Originally published August 21, 2013
Halls of Learning
Are they crumbling at MCHS?
Thursday, August 22, 2013 5:00 AM
Madison Consolidated High School received a failing grade in a recent study of Madison Consolidated School District buildings.
Madison Consolidated High School opened in 1961. A recent study revealed the building is insufficient in several areas. (Staff photo by Ken Ritchieemail@example.com)
Correction - August 22, 2013
Madison Consolidated High School opened in 1960. The class of 1961 was the first to graduate from the school.
The survey was conducted by Schmidt Associates as part of a building feasibility study by the school district.
The high school scored 48 out of 100 in student suitability.
The high school opened in 1960.
High School Principal Kevin Yancey and Director of Operations Mike Frazier said many of the problems the school faces start at the roof and work their way down.
The flat, segmented 336,000-square-foot roof is a source of constant concern. The roof's flashing - thin pieces of material that run along joints of a roof to keep water from seeping in - is pulled up off the sides of the roof and is tearing. Those holes let water in that eventually seeps through the walls damaging the ceilings and facade of the building.
"The facade is actually coming off the auditorium," Yancey said as he pointed out cracked and broken bricks along the side of the building.
Yancey said bricks regularly have to be replaced and tuckpointed.
Another issue with the roof is standing water. Because the roof isn't gabled "if it rains more than two inches, you'll have standing water up here," Frazier said.
"Flat roofs, we hate them. If you would just put a gabled roof on this, you wouldn't have a lot of these problems."
And because some sections of the roof are elevated above others, some of the lower sections end up taking on large volumes of water.
"They turn into pools," Yancey said.
The roof has several drains that filter the water from the roof.
Yancey said that two-thirds of the roof was redone two years ago. Before that, buckets were used along the roof to try to prevent any major leaks.
Heating and Cooling
Another issue that can only be seen when on top of the building is the way the school is heated and cooled.
"Every heating and cooling mechanism is different in this building," Yancey said.
The main stretch of the school, the A and B wings, are heated and cooled with a set of four boilers, while the C wing is run on electric and other areas of the school use gas heat and cooling units to control room temperature.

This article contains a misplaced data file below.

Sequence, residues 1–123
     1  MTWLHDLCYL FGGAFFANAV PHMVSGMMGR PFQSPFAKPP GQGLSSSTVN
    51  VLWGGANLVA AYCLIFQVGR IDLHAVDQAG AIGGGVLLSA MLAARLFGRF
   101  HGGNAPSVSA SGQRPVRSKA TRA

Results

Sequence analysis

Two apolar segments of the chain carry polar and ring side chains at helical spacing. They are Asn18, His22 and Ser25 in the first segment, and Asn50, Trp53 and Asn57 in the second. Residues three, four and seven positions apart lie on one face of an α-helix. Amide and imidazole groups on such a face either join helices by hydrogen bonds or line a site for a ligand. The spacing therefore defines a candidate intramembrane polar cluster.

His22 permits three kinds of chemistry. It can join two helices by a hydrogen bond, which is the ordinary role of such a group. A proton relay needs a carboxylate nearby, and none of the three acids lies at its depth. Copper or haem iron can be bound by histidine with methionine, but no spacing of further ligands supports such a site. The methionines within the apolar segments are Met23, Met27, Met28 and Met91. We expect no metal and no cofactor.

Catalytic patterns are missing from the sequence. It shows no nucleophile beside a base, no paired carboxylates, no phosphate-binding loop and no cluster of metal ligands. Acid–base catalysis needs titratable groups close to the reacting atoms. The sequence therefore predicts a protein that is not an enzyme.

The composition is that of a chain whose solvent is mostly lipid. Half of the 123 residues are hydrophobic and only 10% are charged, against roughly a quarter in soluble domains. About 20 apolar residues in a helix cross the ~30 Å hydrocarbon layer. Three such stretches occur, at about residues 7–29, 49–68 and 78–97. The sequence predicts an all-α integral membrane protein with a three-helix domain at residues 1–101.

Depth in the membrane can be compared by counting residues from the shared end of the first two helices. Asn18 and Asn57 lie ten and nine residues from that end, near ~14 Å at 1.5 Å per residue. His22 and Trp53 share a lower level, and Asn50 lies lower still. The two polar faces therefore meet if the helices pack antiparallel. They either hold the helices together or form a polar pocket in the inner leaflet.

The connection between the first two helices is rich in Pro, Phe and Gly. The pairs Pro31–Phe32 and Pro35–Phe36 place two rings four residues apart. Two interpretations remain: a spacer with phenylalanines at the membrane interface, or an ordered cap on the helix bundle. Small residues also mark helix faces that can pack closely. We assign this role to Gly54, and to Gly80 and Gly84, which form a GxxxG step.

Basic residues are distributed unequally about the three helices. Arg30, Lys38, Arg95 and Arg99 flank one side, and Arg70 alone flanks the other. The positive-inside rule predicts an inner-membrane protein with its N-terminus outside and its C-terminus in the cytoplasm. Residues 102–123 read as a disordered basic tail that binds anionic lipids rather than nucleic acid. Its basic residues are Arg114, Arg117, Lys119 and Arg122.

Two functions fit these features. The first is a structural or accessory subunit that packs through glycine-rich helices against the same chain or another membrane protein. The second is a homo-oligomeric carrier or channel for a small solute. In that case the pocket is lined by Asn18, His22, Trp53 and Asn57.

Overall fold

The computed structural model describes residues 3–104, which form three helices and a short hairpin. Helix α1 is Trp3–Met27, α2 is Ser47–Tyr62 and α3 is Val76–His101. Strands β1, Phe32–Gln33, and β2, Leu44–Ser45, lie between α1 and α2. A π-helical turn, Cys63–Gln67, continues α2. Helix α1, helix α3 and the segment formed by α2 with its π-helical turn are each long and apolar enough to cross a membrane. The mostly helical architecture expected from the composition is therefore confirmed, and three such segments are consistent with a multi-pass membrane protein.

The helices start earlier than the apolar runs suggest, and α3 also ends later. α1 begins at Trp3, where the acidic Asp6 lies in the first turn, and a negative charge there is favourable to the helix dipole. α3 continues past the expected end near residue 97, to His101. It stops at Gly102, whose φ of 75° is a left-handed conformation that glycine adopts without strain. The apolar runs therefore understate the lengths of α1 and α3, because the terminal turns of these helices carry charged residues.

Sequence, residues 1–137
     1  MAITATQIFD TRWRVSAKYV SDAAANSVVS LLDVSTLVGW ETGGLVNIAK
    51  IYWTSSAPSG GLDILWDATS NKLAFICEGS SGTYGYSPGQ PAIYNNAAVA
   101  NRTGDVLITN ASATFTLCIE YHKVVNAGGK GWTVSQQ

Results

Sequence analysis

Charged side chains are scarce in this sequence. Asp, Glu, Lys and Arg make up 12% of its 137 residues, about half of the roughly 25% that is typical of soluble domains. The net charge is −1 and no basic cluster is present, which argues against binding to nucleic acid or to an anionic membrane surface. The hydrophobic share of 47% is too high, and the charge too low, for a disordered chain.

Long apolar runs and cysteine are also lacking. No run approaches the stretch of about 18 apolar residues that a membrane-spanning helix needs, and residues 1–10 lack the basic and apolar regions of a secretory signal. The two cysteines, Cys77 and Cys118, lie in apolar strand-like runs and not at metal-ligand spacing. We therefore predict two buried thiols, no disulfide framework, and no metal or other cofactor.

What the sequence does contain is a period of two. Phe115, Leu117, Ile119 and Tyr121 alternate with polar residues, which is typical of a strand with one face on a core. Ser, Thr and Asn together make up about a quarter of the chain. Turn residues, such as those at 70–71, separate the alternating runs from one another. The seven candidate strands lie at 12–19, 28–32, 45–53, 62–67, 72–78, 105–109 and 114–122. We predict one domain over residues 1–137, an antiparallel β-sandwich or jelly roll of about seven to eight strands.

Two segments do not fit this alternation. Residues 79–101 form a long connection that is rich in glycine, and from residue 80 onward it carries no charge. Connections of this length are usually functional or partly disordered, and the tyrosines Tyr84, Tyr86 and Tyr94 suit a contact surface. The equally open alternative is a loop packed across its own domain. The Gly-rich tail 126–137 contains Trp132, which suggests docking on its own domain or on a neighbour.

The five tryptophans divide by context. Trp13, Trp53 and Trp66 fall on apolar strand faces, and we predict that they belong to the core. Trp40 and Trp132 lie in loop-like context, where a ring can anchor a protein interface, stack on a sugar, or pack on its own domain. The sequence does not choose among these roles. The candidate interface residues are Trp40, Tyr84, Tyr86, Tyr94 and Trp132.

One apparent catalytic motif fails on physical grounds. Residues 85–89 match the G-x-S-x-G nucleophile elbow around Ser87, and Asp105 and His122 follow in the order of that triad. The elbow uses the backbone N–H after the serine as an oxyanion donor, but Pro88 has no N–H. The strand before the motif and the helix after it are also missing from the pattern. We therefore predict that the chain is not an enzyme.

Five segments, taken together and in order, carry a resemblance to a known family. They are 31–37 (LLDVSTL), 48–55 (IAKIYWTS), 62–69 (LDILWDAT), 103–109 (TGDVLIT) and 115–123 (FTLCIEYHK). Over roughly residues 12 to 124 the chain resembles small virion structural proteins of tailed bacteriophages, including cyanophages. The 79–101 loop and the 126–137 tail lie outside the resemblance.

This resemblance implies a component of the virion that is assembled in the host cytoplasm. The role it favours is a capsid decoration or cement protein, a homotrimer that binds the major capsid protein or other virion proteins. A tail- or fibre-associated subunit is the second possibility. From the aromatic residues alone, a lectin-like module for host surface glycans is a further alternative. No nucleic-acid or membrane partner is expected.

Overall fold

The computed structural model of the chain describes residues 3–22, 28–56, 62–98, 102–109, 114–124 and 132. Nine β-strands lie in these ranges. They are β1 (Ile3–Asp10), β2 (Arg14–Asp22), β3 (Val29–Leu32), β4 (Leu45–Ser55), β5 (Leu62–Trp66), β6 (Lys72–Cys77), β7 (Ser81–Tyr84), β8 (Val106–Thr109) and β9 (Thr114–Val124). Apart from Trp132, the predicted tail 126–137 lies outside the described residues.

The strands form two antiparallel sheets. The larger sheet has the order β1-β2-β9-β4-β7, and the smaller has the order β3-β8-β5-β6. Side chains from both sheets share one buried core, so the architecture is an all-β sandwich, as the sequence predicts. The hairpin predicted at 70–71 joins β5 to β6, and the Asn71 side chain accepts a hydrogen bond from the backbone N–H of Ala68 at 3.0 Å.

"What you want to do, is do a central unit. It's cheaper, it's more efficient," Yancey said.
Several of the HVAC units used to cool the school are around 25 years old, Yancey said.
"Those units are shot," he said. "They're meant to live 15 years. So, we've exceed their life expectancy already."
The school uses salvaged parts from air conditioning units that were formerly used at E.O. Muncie Elementary School.
Maintenance crews took the elementary school's old air conditioning units after that building's heating and cooling systems were upgraded a few years ago.
Inside the School
Water damage can be found throughout the school in the form of rust around windows, damaged ceiling tiles and, in some areas, caved in ceilings.
"We have patches like that throughout the building," Yancey said while inspecting a room that is rarely used because of extensive ceiling damage. "But we put drop ceilings around it. We have to hide it as best we can."
Much of the school's plumbing is rusted or held together with tape.
Electrical wiring also is deficient.
Most of the school isn't wired into grids. Grids place parts of the school's wiring in the same loop, which would allow specific areas of the school to be shut down when work needs to be done. Instead, as additions have been made to the school throughout the years, electrical lines were never rearranged into grids.
"It's been hodgepodged," Yancey said.
"If you ask me, at any building I've been principal at, I could tell you how to shut down the power. I can't tell you how to shut down the power to this building," he said.
Frazier said at one time, the building was state-of-the- art.
"When this was first built, at the time, this place was unbelievable," he said.
But old age, he said, combined with wear and tear are showing.
Hallways and bathrooms were also noted in the inspection.
The school's hallways, with the exception of the C wing, are too narrow, the study said.
"They're like a clogged artery," Yancey said.
The same goes for the school bathrooms. The entrances to which are small and have tight corners, which make it difficult for students in wheelchairs or on crutches to navigate.
Frazier said many handicapped students have to go down to the C wing bathrooms to use the facilities.
The school, Yancey said, also has asbestos throughout the ceiling tiles.
"This whole wing is full of asbestos," he said. "It'll have to come out. It's checked and it's legal right now but, you'll see old tiles that have come up"
"What they did 25 years ago, they stuck carpet over it. Which is stupid. Because it costs money to clean it up."
The school's gym is also an area that isn't up to code.
Frazier said the rafters need to be raised to meet with new government codes.
There is also no locker room or changing area for visiting schools coming to play Madison teams.
"We're trying to be a good host to these schools," Yancey said.
The next meeting to discuss future Madison Consolidated Schools building projects is scheduled for Aug. 26 at 6 p.m.